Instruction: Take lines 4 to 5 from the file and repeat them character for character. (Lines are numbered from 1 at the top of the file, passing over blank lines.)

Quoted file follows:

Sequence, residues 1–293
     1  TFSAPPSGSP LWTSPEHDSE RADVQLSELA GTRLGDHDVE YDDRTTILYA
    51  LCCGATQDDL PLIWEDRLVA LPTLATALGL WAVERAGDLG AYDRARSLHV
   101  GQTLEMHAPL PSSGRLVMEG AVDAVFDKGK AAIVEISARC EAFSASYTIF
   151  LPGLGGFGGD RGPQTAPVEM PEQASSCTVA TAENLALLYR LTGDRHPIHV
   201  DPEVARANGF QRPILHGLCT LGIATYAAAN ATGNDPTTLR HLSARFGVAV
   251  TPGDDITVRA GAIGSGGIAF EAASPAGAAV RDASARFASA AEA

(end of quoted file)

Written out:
   101  GQTLEMHAPL PSSGRLVMEG AVDAVFDKGK AAIVEISARC EAFSASYTIF
   151  LPGLGGFGGD RGPQTAPVEM PEQASSCTVA TAENLALLYR LTGDRHPIHV